Any citation created before July 30, 2012 will labeled as a “Cited page.” New citations will be saved as cited passages, pages or articles.

We also added the ability to view new citations from your projects or the book or article where you created them.

Notes (0)
Bookmarks (0)

You have no saved items from this article

Project items include:
  • Saved book/article
  • Highlights
  • Quotes/citations
  • Notes
  • Bookmarks
Notes
Cite this article

Cited article

Style
Citations are available only to our active members.
Buy instant access to cite pages or passages in MLA, APA and Chicago citation styles.

(Einhorn, 1992, p. 25)

(Einhorn 25)

1. Lois J. Einhorn, Abraham Lincoln, the Orator: Penetrating the Lincoln Legend (Westport, CT: Greenwood Press, 1992), 25, http://www.questia.com/read/27419298.

Cited article

Repetition and Difference: Julia Bryan-Wilson on LTTR
Settings

Settings

Typeface
Text size Smaller Larger Reset View mode
Search within

Search within this article

Look up

Look up a word

  • Dictionary
  • Thesaurus
Please submit a word or phrase above.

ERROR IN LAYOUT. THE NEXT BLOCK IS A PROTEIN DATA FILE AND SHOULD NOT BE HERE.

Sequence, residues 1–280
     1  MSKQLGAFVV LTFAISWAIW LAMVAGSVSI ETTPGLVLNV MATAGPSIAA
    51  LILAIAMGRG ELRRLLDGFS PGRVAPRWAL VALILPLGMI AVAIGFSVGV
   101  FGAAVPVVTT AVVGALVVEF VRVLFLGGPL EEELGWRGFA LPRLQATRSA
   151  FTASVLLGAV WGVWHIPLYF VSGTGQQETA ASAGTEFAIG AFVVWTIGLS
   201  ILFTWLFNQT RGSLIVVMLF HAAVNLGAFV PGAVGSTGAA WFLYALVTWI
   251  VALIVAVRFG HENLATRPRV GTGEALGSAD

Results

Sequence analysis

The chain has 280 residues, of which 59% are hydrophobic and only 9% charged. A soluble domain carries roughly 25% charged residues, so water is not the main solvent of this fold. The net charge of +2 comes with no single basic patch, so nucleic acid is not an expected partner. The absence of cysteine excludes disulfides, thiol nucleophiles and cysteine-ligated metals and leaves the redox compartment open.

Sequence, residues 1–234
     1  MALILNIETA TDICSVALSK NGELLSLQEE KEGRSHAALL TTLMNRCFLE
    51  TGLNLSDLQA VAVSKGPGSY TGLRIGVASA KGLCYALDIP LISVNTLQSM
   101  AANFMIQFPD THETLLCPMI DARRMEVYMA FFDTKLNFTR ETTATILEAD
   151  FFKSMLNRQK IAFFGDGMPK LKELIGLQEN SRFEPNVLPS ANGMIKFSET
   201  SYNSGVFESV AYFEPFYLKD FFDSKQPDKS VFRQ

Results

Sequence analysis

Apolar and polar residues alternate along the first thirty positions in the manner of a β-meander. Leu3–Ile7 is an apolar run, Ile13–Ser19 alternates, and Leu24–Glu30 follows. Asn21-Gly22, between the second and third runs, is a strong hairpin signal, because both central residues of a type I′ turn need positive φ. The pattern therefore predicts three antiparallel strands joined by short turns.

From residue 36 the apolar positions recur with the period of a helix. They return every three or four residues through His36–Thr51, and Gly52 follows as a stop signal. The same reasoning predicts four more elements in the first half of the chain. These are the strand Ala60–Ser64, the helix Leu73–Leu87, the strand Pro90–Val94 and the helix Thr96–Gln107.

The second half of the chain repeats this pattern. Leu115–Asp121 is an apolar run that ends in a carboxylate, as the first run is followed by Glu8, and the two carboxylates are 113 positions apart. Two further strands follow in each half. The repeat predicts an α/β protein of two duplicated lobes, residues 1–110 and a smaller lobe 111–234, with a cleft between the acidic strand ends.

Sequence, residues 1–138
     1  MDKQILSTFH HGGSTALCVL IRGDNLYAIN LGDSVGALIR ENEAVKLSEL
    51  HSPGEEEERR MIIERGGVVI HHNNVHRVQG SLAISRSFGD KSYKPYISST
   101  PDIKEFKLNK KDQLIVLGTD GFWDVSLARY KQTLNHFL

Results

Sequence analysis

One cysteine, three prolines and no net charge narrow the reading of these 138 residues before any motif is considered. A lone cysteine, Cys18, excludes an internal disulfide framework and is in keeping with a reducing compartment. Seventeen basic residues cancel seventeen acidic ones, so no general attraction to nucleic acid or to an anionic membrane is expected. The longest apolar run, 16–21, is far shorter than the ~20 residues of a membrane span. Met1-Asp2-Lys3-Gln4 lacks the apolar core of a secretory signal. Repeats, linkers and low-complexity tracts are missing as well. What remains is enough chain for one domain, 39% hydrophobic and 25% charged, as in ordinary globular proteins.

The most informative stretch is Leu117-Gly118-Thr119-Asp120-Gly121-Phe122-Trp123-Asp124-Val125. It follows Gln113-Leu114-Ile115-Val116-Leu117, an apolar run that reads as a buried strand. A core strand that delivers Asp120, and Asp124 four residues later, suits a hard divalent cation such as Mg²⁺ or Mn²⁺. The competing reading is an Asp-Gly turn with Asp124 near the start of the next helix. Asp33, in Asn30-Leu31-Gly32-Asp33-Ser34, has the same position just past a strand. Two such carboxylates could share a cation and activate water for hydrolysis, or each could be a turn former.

Print this page

Print this page

Why can't I print more than one page at a time?

Help
Full screen

matching results for page

    Questia reader help

    How to highlight and cite specific passages

    1. Click or tap the first word you want to select.
    2. Click or tap the last word you want to select, and you’ll see everything in between get selected.
    3. You’ll then get a menu of options like creating a highlight or a citation from that passage of text.

    OK, got it!

    Cited passage

    Style
    Citations are available only to our active members.
    Buy instant access to cite pages or passages in MLA, APA and Chicago citation styles.

    "Portraying himself as an honest, ordinary person helped Lincoln identify with his audiences." (Einhorn, 1992, p. 25).

    "Portraying himself as an honest, ordinary person helped Lincoln identify with his audiences." (Einhorn 25)

    "Portraying himself as an honest, ordinary person helped Lincoln identify with his audiences."1

    1. Lois J. Einhorn, Abraham Lincoln, the Orator: Penetrating the Lincoln Legend (Westport, CT: Greenwood Press, 1992), 25, http://www.questia.com/read/27419298.

    Cited passage

    Thanks for trying Questia!

    Please continue trying out our research tools, but please note, full functionality is available only to our active members.

    Your work will be lost once you leave this Web page.

    Buy instant access to save your work.

    Already a member? Log in now.

    Author Advanced search

    Oops!

    An unknown error has occurred. Please click the button below to reload the page. If the problem persists, please try again in a little while.